Embattled Southern law professor wants to be compensated for filing questionable will
BATON ROUGE - At a court hearing Tuesday, Dorothy Jackson made it known that she wants to be paid for out-of-pocket expenses she incurred for filing a will that’s been called into question by the Investigative Unit.
Jackson claims she came out of pocket $1000 to file the will. The will Jackson filed using Southern University Elder Law Clinic would have benefited the Council on Aging Director, Tasha Clark Amar to the tune of over $100,000. All sides backed off the will after the Investigative Unit got involved.
Jackson currently remains on suspension from Southern University for what she did.
“It’s nonsense that she wants to be paid for filing a will that was invalid,” Helen Plummer’s grandson Dan Freeman said.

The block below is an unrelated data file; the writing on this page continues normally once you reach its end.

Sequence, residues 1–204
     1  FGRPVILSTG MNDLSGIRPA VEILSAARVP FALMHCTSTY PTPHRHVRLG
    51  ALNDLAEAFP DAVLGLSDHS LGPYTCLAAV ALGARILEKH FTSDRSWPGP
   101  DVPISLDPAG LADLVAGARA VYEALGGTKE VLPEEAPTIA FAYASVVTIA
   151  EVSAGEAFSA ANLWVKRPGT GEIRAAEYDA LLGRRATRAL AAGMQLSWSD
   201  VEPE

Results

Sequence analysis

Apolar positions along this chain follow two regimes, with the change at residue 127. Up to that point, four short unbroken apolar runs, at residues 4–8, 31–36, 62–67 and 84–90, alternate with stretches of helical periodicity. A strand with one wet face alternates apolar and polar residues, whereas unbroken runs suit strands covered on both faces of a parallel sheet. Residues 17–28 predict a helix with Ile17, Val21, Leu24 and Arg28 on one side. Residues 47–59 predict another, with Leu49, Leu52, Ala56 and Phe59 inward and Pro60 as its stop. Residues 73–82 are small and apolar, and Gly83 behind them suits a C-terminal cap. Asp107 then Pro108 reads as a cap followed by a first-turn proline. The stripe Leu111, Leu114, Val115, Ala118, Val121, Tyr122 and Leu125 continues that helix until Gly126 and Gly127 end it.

The Plummer family was supposed to resolve the issues in court Tuesday tied to the will, but it hit a snag with some attorneys still wanting to be paid for the work that they’ve done on the estate.
Another attorney who represented Tasha Clark Amar wants to reimbursed for $7,200. However, he would not provide the Plummer family with a copy of the bill, claiming it was attorney-client privilege. Judge Don Johnson ordered Joe Prokop to turn over redacted bills to the Plummer family and a full copy to the court which will be filed under seal.
All sides are due back in court in March.